COPENHAGEN: Danish insurance company Topdanmark cut its full-year profit outlook on Tuesday after an investment loss and hefty claims from a freak rain storm knocked third-quarter results into the red.
The insurer cut its full-year net profit guidance to a range of 900 million to 1.0 billion Danish crowns ($183 million) from an earlier estimated 950 million to 1.05 billion crowns.
Topdanmark posted a third-quarter net loss of 53 million crowns against a profit of 318 million a year earlier and just smaller than the average forecast for a 58.9 million crowns loss in a Reuters poll of analysts.
The net investment return dropped to a loss of 139 million, crowns from a profit of 257 million a year earlier, compared with the average 200 million crowns loss forecast in the poll.
Investment returns would however improve in the fourth quarter from the third, Chief executive Christian Sagild said.
"Some of (the investment return) has recovered in the fourth quarter," Sagild told Reuters in a telephone interview, confirming that the fourth-quarter investment result would be better than the third quarter's negative return.
"We will not change our investment strategy. We still have exposure to stocks," Sagild said. The group said the storm that caused heavy flooding of basements and other property damage in July and a fire at a building in the country's capital insured by Topdanmark, had also weighed on results.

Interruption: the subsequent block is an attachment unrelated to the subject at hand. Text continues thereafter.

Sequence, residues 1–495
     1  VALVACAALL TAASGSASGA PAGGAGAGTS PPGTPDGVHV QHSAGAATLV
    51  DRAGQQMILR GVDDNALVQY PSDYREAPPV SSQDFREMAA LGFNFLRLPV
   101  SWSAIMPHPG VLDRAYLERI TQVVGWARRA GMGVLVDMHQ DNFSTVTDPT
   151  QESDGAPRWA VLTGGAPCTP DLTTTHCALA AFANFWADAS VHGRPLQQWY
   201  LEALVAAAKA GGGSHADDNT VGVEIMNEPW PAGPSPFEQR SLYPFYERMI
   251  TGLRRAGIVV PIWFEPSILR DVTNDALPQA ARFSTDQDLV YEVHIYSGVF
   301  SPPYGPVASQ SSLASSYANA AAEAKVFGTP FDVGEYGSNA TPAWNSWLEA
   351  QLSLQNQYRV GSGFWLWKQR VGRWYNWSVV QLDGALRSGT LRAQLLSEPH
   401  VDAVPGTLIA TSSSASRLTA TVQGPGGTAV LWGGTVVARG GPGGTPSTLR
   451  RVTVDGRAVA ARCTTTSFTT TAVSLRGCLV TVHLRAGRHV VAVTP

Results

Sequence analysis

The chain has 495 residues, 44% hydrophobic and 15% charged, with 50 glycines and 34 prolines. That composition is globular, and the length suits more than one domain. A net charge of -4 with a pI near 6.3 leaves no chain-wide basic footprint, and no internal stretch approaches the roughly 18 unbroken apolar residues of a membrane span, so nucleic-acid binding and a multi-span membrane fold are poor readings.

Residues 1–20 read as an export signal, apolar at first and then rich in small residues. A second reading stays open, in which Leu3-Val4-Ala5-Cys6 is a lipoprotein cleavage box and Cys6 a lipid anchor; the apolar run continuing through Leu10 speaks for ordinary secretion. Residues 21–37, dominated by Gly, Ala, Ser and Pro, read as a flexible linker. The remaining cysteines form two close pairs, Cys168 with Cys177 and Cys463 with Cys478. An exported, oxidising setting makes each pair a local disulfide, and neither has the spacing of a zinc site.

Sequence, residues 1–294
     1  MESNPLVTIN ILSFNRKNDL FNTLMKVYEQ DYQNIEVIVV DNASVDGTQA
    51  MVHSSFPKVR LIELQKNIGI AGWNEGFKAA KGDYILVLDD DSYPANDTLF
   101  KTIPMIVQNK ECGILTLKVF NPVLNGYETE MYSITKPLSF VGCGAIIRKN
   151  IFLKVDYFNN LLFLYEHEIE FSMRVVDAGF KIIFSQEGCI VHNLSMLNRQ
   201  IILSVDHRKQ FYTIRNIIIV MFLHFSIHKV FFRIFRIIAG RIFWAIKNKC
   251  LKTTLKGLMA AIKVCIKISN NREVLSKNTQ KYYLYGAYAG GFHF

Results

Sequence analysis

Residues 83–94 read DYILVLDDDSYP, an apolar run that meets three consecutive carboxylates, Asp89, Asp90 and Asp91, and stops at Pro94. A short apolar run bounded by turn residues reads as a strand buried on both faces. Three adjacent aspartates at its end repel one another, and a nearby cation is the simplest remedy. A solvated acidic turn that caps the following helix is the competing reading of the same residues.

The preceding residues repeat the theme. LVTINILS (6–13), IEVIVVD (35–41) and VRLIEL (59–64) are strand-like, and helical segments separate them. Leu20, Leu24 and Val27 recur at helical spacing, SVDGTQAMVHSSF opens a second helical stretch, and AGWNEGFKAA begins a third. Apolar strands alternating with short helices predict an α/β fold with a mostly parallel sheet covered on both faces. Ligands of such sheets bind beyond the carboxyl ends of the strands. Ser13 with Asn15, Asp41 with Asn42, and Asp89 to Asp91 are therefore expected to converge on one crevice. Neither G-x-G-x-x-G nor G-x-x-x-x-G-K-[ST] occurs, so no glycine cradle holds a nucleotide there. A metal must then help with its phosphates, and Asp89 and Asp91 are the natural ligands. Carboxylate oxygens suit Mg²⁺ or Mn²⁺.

"The cloudburst on July 2 was truly extraordinary. it was a rare worst-case scenario," Sagild said in a statement. Shares in Denmark's second biggest insurance company by market value were up 1 percent by 1433 GMT, outperforming a 1.7 percent lower Stoxx 600 Europe insurance sector index and the Copenhagen bourse's benchmark index up 0.3 percent.
Analysts said while one-off events had hit third-quarter results, the underlying business had performed well. Topdanmark's insurance technical result the result from insurance activities before investment income rose to 188 million from 146 million in the same quarter last year, exceeding an average 141 million forecast.
"The insurance technical result was decent when one takes into account the cloudburst, and the investment result was weak as expected," said Jyske Bank in a note to clients.
In addition to the storm, Topdanmark had a claim from a fire at a Copenhagen sports and exhibition hall. The fire was expected to carry a cost of 25 million crowns, while the storm would cost about 115 million after re-insurance costs, the company said.
The combined ratio improved to 91.8 percent in the third quarter from 93.7 percent a year earlier and against an average 93.6 percent estimated by analysts.
Damages from the cloudburst and the fire alone would affect the combined ratio by 2.2 percentage points, Topdanmark said. The combined ratio measures costs and claims as a percentage of premiums and a figure below 100 means underwriting is profitable.
The insurer kept its forecast for 2011 premium growth of 1 to 2 percent in non-life insurance, and a combined ratio forecast of around 91-92 percent.
For 2012 Topdanmark said it expected premium growth also to be 1 to 2 percent and its combined ratio also around 91-92 percent in the non-life business.